#ICantKeepQuiet: The Metrics of Going Viral
I was lying in bed the evening after the Women’s March on Washington. It had been a long day - I was up since 5:30 to perform flashmobs with my a capella group at the Women’s March on Washington. All of a sudden, my roommate runs into the room screaming something at the top of her lungs about Emma Watson. Hermione Granger herself had retweeted a cellphone video recording of us singing at the march.
This blog post is not about Emma Watson. It’s not about The GW Sirens, or the so-called anthem of the Women’s March. It’s about an honest message that resonated around the world, and this incredible medium called the internet that acts like some kind of powerful megaphone. It’s also just a candid reflection of a whirlwind week for a group of girls who sing together in their spare time.
Women in the #ICantKeepQuiet Choir. Los-Angeles based singer Connie Lim, whose stage name is MILCK, reached out to the GW Sirens and local a capella group Capital Blend over winter break after finding us on Facebook.
Number of flashmobs we performed at the march that morning.
Views on one bystander’s video (and a hard number for me to wrap my mind around).
Hours spent in New York City taping Full Frontal with Samantha Bee. We were asked to sing on an episode covering the Women’s March.
Mainstream media outlets that covered the #ICantKeepQuiet story. These included Buzzfeed, NPR, BBC, New York Times, Washington Post, VICE, Rolling Stone, Mashable, Ozy, NBC, Billboard.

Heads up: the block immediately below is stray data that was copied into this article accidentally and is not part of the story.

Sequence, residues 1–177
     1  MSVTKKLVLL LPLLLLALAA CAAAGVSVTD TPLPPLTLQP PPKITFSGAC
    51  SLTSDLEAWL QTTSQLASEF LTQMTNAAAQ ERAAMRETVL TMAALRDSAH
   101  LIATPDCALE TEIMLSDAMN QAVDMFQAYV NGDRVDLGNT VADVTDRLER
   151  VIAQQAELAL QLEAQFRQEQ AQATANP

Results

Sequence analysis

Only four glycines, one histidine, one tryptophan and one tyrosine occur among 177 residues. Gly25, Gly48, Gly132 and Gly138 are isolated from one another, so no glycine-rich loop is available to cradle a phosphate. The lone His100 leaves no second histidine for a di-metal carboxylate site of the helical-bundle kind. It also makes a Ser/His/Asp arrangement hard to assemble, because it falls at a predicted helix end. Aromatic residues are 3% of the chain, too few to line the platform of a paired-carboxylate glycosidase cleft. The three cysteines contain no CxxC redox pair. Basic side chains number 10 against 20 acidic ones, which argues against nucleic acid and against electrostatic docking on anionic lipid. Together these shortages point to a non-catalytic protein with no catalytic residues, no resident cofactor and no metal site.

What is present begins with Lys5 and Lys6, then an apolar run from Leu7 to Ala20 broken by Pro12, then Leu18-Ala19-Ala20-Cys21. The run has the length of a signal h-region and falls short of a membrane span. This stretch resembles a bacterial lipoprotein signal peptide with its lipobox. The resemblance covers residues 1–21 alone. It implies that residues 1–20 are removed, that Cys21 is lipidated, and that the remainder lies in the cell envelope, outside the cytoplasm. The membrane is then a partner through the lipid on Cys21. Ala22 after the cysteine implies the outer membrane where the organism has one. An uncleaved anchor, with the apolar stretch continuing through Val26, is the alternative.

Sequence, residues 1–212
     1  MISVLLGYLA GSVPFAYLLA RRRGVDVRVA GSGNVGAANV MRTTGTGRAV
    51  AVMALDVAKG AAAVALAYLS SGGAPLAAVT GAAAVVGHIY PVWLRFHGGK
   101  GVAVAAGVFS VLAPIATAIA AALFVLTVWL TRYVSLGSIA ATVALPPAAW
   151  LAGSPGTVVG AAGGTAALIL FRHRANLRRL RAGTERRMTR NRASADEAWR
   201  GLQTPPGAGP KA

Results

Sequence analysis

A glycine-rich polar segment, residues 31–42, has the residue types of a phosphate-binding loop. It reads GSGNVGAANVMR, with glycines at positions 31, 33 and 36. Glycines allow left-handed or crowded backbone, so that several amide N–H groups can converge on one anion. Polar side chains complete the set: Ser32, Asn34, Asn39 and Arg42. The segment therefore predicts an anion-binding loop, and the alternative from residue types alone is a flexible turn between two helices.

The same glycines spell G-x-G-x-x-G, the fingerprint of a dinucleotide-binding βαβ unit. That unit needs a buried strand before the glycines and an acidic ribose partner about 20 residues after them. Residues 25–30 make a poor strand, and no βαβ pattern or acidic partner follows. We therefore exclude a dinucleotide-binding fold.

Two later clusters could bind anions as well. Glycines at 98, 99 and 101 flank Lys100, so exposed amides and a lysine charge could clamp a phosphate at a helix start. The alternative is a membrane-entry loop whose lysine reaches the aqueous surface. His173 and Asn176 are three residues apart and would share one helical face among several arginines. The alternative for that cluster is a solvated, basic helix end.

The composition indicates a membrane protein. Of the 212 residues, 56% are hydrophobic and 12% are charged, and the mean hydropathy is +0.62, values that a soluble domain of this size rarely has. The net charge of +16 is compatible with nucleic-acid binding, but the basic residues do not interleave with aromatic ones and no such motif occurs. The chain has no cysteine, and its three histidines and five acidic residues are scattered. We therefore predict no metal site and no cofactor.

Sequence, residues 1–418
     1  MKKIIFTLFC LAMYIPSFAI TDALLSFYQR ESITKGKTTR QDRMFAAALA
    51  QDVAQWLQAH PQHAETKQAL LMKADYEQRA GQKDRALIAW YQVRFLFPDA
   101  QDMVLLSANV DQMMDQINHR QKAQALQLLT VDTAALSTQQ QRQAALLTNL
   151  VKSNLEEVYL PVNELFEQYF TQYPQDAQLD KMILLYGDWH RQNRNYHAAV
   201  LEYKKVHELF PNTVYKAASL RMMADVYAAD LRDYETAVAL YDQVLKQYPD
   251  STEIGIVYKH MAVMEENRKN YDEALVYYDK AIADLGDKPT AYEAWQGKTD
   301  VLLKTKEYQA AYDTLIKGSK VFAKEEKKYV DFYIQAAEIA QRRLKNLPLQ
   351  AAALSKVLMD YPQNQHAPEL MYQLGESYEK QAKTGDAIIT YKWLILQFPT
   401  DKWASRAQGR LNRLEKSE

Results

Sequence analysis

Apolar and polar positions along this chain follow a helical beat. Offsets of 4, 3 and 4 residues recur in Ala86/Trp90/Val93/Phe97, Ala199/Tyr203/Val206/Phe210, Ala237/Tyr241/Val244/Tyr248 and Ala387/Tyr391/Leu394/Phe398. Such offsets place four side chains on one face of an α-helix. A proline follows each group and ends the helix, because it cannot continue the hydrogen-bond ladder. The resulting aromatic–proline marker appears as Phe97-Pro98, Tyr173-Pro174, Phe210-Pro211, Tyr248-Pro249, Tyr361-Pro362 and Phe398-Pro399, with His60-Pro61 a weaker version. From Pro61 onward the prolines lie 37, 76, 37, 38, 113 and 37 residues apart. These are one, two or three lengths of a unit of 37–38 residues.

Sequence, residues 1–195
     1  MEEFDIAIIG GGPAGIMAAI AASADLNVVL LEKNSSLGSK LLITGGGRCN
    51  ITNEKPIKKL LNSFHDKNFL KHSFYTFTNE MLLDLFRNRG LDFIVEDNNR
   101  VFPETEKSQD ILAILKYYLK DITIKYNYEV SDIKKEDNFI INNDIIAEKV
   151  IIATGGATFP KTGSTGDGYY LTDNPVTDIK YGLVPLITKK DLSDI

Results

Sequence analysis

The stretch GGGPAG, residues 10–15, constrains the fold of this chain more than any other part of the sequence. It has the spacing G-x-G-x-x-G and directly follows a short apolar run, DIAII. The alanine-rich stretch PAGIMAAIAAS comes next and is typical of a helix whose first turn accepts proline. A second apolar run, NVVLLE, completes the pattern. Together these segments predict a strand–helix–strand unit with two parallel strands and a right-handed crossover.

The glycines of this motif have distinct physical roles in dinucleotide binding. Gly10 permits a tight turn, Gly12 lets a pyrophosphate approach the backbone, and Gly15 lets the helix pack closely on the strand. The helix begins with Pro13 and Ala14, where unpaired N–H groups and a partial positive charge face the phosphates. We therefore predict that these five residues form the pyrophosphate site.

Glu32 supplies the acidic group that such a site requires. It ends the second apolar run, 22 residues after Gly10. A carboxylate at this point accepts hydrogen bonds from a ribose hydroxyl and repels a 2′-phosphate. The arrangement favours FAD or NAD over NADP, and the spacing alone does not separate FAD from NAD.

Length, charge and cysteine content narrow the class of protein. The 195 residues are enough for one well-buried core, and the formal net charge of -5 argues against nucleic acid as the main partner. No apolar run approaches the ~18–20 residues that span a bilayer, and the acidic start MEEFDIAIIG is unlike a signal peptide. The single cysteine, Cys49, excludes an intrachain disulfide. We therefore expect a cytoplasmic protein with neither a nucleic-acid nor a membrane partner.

There’s no measure to how honored we are to be a part of this project. I’ll never be able to quantify how powerful it felt to sing at the march. I don’t think any of us antipicated the full intensity and emotion of the song until we sang it in that crowded sea of people, all nodding their heads along to the call and response portion of our song.
We’ve received an overwhelming amount of support since the march. People continue to feel a deep connection with this movement and song, and share their personal stories with us on Facebook. “This is my daughter’s favorite song! She plays it every single morning,” one congressman told us before a performance. Teenage girls are covering this song on Instagram, and dancers are creating beautiful pieces with this music. We’ve even seen people get tattoos of the lyrics!
As someone who works with social media and marketing, I know that you can’t plan for something to go viral. But I also know that the bystander video of us at the march captured such a real, and raw emotion. The song carried a relatable message that that needed to be heard at such a time, and resonated with so many people.
Every time we are asked to perform Quiet, we think back to the energy of the march. We take a moment backstage to think about who we are singing the song for. Seeing people tear up or singing along in the audience, is a humbling reminder of what music is capable of doing.
When we first agreed to the project, we had no idea what we were about to be part of. This song is meant to uplift people. That’s what it did at the march, and that’s what it will continue to do.
As the viral bystander video was captioned, “When we harmonize, we can’t be divided.”